The WNT and the pro forma termination of employment
On 1 January 2013 the Senior Officials in the Public and Semi-Public Sector (Standards for Remuneration) Act came into effect (Wet normering bezoldiging topfunctionarissen publieke en semipublieke sector); below: WNT. This Act forbids severance payments for senior officials in excess of one annual salary, with a maximum of € 75,000; transitional provisions apply. Any payment exceeding this sum will be seen as ‘undue payment’ unless this payment is made under a court order. The question then arises if the pro forma termination procedure may possibly lead to higher severance payments than those allowed under the WNT now that judges are not bond by this rule.
A recent decision of the cantonal court in Leeuwarden seems to indicate that the WNT may have certain consequential effects.
Employee is employed by a home care organization as a member of the Board of Directors. Parties agree that the employment contract should be terminated because of a permanently impaired employment relation. Furthermore, parties agree that the arrangements made by them in 2006 with respect to possible termination of the contract should be complied with. The contract stipulates that employee is entitled to redundancy pay to the age of 65. The WNT transition arrangements require that redundancy payments to this employee should be stopped after 1 January 2017: on that date the
€ 75,000 limit will be reached. Employee requests the cantonal judge to apply the WNT article that provides for the exception, i.e. a higher severance payment is allowed if determined by court order.
The court’s motivation
The cantonal judge finds that the cantonal judge may award a severance payment as considered fair given the circumstances of the case. Should fairness require this, the judge may therefore award compensation exceeding the maximum amount laid down in the WTN. However, parties had agreed not to comment on the circumstances of the case. Therefore, the judge cannot rule on the substance of the case and determine whether fairness allows for the compensation claimed by employee. The cantonal judge argues that he is not bound by the WNT, but that the WNT does have a certain consequential effects. The severance payment offered by employer cannot be reviewed on the basis of reasonableness and fairness and will therefore not be awarded to employee.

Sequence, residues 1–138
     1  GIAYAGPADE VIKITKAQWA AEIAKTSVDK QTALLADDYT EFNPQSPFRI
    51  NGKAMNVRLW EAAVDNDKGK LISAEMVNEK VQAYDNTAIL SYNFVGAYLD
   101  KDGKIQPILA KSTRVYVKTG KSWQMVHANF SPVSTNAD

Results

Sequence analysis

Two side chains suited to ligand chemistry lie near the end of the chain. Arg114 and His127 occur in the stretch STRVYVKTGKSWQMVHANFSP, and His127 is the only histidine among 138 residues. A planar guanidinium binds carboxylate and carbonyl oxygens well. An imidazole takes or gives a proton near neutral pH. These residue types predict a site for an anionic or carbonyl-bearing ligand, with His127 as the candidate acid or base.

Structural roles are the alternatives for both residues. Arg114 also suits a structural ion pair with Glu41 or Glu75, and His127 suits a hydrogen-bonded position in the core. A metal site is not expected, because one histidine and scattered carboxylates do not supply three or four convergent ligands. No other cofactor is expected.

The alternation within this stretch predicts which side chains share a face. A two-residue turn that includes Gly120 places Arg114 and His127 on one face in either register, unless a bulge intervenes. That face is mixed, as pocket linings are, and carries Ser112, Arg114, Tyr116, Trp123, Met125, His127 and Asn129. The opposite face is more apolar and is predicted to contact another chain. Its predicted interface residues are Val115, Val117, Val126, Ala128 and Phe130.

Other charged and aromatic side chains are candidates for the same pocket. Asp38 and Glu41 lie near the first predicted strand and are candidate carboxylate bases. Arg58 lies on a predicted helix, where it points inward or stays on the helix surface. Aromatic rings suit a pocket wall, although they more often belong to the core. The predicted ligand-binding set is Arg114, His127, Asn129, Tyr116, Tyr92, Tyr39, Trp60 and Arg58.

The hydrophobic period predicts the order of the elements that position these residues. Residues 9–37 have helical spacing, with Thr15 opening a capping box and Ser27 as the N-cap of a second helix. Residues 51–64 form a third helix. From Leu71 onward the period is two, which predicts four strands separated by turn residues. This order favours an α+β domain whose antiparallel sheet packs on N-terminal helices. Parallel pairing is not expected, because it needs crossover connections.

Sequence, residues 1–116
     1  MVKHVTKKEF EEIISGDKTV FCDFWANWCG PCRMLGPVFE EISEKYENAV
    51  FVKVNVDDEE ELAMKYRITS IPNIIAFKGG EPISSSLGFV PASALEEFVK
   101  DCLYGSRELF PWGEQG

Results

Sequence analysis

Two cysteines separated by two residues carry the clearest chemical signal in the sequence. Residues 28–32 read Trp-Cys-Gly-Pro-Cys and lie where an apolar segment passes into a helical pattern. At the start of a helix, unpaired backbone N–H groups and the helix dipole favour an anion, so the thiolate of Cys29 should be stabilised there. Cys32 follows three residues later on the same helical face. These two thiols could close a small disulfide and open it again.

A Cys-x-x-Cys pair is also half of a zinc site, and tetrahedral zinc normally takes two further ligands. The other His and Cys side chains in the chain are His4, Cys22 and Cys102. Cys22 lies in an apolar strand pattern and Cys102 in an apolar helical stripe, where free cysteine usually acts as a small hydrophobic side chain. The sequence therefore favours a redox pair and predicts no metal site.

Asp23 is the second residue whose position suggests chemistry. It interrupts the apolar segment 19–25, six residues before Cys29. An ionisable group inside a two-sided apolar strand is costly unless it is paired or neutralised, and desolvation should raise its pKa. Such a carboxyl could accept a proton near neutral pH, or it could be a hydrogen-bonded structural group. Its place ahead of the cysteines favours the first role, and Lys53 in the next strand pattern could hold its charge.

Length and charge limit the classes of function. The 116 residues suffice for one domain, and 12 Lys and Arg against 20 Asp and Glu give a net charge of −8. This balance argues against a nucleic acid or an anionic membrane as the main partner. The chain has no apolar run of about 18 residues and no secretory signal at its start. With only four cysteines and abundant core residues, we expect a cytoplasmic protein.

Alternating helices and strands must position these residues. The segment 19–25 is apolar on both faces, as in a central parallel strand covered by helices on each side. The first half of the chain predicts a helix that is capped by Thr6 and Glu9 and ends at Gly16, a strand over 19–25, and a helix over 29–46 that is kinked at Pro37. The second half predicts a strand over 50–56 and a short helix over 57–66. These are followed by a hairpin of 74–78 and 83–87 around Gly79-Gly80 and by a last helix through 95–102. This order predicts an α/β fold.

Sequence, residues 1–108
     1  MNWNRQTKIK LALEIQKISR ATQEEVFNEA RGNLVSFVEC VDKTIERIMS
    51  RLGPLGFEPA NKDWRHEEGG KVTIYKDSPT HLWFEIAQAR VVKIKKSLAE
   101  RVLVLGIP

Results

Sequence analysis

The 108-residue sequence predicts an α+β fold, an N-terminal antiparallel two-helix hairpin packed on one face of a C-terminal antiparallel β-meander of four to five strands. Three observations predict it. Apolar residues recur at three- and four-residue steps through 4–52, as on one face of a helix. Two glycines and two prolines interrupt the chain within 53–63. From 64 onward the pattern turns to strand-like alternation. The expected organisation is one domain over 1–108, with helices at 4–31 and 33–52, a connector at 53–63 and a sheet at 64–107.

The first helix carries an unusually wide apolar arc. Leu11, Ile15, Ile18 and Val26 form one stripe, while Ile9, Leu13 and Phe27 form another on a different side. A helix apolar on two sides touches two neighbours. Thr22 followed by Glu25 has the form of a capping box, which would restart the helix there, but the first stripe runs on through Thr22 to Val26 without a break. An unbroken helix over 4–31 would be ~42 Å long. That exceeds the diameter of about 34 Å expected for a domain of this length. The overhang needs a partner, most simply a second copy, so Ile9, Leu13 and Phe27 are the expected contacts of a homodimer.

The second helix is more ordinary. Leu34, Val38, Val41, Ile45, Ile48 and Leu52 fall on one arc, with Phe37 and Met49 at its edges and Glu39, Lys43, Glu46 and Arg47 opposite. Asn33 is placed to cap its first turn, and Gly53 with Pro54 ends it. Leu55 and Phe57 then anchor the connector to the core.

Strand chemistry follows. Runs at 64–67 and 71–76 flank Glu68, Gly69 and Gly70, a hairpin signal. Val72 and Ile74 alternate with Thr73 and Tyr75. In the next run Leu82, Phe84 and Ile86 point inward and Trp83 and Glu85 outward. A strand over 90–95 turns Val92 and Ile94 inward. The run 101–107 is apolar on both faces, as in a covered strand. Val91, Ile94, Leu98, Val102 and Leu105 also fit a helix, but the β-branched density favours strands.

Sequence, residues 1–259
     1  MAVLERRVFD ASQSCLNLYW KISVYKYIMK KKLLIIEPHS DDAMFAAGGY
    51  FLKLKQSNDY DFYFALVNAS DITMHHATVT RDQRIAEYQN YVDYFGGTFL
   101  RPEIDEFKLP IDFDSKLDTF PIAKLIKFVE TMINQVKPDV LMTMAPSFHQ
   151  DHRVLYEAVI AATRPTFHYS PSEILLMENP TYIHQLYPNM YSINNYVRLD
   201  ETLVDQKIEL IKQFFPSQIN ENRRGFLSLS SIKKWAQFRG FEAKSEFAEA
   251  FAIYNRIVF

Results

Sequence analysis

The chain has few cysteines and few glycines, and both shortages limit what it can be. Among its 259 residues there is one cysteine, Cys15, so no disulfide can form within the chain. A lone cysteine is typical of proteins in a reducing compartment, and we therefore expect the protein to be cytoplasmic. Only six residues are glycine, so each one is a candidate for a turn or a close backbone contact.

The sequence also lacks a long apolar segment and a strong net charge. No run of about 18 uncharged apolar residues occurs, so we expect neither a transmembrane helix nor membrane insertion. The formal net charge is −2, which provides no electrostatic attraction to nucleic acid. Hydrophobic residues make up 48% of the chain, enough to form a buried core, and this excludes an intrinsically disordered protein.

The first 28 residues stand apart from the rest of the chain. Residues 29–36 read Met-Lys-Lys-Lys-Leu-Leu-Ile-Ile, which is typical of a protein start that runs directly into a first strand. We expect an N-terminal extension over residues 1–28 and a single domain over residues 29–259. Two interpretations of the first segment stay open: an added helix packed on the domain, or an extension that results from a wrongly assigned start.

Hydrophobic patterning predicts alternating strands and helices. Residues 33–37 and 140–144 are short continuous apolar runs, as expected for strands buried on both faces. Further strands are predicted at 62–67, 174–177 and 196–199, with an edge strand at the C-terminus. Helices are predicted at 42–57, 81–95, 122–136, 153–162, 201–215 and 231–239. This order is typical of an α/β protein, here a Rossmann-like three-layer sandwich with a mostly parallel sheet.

Parties have tried in this case to obtain a higher severance payment than allowed under the WNT for reasons that the WNT would not apply where the cantonal court orders compensation exceeding the maximum WNT severance payment. However, parties failed to provide the cantonal judge with the information required for the judge himself to determine which amount of compensation would be fair. Therefore, the judge does not honour the employee’s request.
It is not clear how other cantonal judges will deal with similar cases. Claiming a higher severance payment than allowed under the WNT in pro forma proceedings does not automatically succeed. Prudent parties should consider explaining the circumstances of the case and present arguments as to why the severance payment is fair and should be awarded.